A partnership between international auction house Sotheby’s (BID) and sneaker marketplace Stadium Goods might seem incongruous. But starting July 11, the two brands are partnering for a first-of-its-kind online-only sneaker auction. From July 11-23, sneaker fans can bid on kicks in the the Stadium Goods Ultimate Sneaker Collection, which features 100 of the rarest sneakers in history.
Noah Wunsch, Sotheby's global head of e-commerce, thinks the partnership is a perfect match.
"The sneaker market for years has been evolving in such a fascinating way, and I think it's a testament to the ways that culture, art, streetwear, skating sneakers, and luxury collectibles are intertwining. So for me, it was, it was a no brainer," he told Yahoo Finance.
The shoes featured in the auction could be described as a sneakerhead’s dream. Coveted models include the 2011 and 2016 versions of the Nike (NKE) Air Mags, which were featured in "Back to the Future Part II;" the ultra-rare Chanel x Pharrell x Adidas NMD Hu TR - 1-of-1 for Karl Lagerfeld; and four versions of the Travis Scott Air Jordan 4 “Friends & Family” collection (one of which was seen worn by influencer Kylie Jenner), just to name a few.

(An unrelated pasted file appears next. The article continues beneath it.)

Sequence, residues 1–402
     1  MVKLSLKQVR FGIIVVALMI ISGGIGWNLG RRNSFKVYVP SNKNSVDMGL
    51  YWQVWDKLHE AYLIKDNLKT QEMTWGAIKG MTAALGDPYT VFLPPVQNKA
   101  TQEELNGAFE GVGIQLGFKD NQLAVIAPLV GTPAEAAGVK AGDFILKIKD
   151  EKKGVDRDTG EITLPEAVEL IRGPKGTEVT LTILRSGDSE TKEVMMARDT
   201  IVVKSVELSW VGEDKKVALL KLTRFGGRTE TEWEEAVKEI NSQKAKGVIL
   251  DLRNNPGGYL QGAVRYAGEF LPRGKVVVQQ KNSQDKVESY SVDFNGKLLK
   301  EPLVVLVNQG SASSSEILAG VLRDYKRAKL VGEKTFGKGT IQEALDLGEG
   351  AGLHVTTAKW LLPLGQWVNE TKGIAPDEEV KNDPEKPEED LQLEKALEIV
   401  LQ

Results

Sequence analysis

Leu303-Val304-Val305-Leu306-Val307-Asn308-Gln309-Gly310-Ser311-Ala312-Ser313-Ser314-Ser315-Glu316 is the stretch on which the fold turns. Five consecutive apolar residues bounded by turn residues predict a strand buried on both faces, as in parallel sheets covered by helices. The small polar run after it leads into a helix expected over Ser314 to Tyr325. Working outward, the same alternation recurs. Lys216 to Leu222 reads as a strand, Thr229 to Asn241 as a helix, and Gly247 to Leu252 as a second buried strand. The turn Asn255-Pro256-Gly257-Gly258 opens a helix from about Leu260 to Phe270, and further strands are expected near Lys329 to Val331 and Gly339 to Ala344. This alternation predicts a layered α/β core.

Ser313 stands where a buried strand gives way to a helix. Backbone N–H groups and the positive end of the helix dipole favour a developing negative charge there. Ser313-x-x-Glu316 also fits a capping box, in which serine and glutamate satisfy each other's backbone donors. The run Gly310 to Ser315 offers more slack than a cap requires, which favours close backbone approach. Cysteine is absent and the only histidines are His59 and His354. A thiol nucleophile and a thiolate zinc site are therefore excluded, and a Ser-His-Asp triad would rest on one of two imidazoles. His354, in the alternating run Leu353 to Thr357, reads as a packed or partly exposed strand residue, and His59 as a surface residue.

Perhaps the most exclusive shoe in the collection is the handmade “Nike Moon Shoe,” created by Nike co-founder, famed Olympic team and University of Oregon running coach Bill Bowerman. He created just 12 pairs of the shoes for U.S. runners at the 1972 Olympic trials.
But their limited quantity isn’t the only reason why “Moon Shoes” are so special, it’s also their legendary creation story. Bowerman, who coached Nike co-founder Phil Knight, had a habit of tinkering with his runners’ shoes.
He was always cutting and trimming to remove any unnecessary weight. Bowerman would one day set his sights on his wife's waffle iron. He believed the waffle pattern would make excellent traction for a running shoe. After ruining a few waffle irons, Bowerman finally had a prototype he was confident to give runners. This pair on the auction block is estimated to sell anywhere from $110,000 to $160,000.
Paying over $100,000 for a pair of sneakers may seem unfathomable to most, but Stadium Goods co-founder and co-CEO John McPheters doesn’t think so.
"There's been a collector’s world that's been chasing and applying a value to these goods for quite some time. We've built the business on it in some ways, and it's been something that's grown consistently, and I think as interest in general in sneakers has grown and become much more massive and much more international. It's not surprising that the value of these items is going up and will continue to gain in value for the right items."
Reggie Wade is a writer for Yahoo Finance. Follow him on Twitter at @ReggieWade.